neck tie, wrapping over the base of the hangman's noose. Place five wraps
in this manner and bring the end of this wrapping fiber through the hangman's
noose. Hold this tightly with your left forefinger while you begin pulling
on the end of the hangman's noose to close this and pull the wrapping fiber
behind the neck wraps. You will notice that one of the two working ends
is exiting the neck at the top and the other from the bottom. Thread up
the top working fiber and insert the needle at the exit point ,bringing
the needle carefully down through the neck of the tassel and on down through
the skirt. Thread up the bottom fiber and insert the needle one thread
above the exit point, bringing the needle down through the center of the
neck and into the skirt.
THE DETACHED BUTTONHOLE LATTICEWORK
Begin with a long fiber length thread on a tapestry needle. Knot the
end. Open up the skirt fibers and insert the needle up through the center
of the neck and come out just at the edge of the knot at the head. Catch
a fiber on the knot as you form an even row of loops around the base of
the head knot. Work a second row of buttonhole stitches in each of the
loops on the first row. Keep the stitches loose. These stitches should
not catch the fibers in the head of the tassel, but should remain detached,
creating a mesh over the head.
Cover approximately 2/3 of the tassel head and finish by stitching the
final row of buttonhole stitches, inserting the needle behind the neck
wrap and pulling the mesh down tightly over the head. The final row will
appear to be an evenly spaced row of buttonhole stitches over the satiny
THE SHELL OVERLAY
Cut 4 2-ply sets of coton perle 30 inches long. Thread one shell onto
each set, placing the shell in the center of the strands. Knot the ends
of each set. Secure one end and twist each set in the same manner as above,
so that when the strand is released, the shell will be at the end of the
twisted cord. Repeat until all four strands have been twisted. To attach
the partially made decorative cord, cut the knots from the cord end and
thread immediately onto a large eye yarn needle. Insert the needle at the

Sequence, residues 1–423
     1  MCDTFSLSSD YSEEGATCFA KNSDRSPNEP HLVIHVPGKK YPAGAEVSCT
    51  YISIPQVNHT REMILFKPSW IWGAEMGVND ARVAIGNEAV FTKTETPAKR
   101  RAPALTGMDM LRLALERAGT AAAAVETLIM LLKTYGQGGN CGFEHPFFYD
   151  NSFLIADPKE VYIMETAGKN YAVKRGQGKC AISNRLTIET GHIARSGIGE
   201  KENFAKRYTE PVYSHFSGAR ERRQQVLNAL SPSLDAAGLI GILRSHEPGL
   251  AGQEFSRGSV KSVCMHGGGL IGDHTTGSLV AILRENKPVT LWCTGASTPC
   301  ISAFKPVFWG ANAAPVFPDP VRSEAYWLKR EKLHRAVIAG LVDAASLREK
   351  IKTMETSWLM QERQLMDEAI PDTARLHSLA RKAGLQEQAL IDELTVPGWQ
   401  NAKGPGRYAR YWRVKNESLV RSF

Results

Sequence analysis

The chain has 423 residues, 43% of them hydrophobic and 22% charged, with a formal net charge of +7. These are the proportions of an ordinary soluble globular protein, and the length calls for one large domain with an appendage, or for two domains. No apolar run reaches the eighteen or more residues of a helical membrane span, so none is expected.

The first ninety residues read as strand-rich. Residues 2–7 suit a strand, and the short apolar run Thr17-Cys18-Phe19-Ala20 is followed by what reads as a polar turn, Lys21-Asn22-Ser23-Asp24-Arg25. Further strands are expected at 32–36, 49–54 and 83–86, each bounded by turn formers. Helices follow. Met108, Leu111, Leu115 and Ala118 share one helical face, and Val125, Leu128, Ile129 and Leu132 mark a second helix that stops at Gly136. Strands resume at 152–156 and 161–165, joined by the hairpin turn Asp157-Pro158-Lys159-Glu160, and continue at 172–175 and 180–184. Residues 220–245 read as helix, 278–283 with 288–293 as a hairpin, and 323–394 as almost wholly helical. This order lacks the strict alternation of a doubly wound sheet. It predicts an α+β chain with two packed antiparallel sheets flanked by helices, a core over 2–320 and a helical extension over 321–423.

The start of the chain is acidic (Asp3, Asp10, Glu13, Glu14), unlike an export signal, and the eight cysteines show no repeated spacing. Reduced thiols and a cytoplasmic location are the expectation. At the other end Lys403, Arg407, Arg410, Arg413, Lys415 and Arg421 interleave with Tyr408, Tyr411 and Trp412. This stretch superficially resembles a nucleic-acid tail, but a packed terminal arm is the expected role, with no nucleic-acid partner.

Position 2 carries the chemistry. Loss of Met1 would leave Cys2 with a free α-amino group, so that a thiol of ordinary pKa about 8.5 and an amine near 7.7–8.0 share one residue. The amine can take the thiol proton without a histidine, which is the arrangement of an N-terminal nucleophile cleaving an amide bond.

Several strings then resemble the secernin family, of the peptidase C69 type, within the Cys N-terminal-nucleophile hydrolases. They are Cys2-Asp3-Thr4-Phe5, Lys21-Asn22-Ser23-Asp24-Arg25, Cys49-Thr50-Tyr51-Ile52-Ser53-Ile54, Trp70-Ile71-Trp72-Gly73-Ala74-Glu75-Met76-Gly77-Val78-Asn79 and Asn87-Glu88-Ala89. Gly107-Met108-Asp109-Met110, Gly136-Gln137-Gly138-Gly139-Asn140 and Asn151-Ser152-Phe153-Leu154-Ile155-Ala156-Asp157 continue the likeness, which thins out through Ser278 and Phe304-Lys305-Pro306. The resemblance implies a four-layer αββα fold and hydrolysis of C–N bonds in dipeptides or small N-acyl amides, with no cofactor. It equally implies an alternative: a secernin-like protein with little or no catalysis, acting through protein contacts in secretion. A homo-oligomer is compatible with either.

base of the neck wrap, just below the buttonhole stitches. Sew through
the tassel to the opposite side and exit at the base of the neck wraps
and buttonhole stitch on the opposite side. Bring the cord end through
and determine how long the drops on each side should be. Make the adjustments
necessary. Unthread the yarn needle and open the free ends of the cord.
Thread one double strand into the shell hole and tie a knot just inside
the hinge on the inside of the shell. Put a dot of glue at this hidden
spot and secure the knot. Trim the tails off. Repeat with the remaining
three cords and shells.
COMPLETING THE SKIRT
Using care and a large pair of sheers, cut the loops at the lower edge
of the tassel skirt. Lay the tassel on a work surface and pull all the
shell cords over the head out of the way.
With a comb or plastic brush, brush the tassel skirt and trim the uneven
skirt fibers even across the bottom. Repeat the combing and trimming until
the tassel bottom is uniform.
Pick up the tassel and allow the shell cords to fall into place. These
cords will hang more
precisely if they are each secured lightly with a dot or glue to the
This tassel can lend a seaside look to any decorative scheme. I hope
you will have fun creating your own using these simple techniques in many
color combinations and themes.
Make you own space even more special with a graceful addition of color
"...it is in our homes that we
can become more truly ourselves by paying greater attention to the specific
ingredients and finishing touches we select to change our homes into something
that is uniquely our own, and our daily routines into graceful rituals."
Alexandra Stoddard, Living a Beautiful
For more information on Marcia's upcoming class
schedule, Video Series or services available through The Binding Stitch
contact her by mail at 8 Taunton Avenue, Dennis, Ma. 02638 or call (508)
385-2444 or e-mail her at firstname.lastname@example.org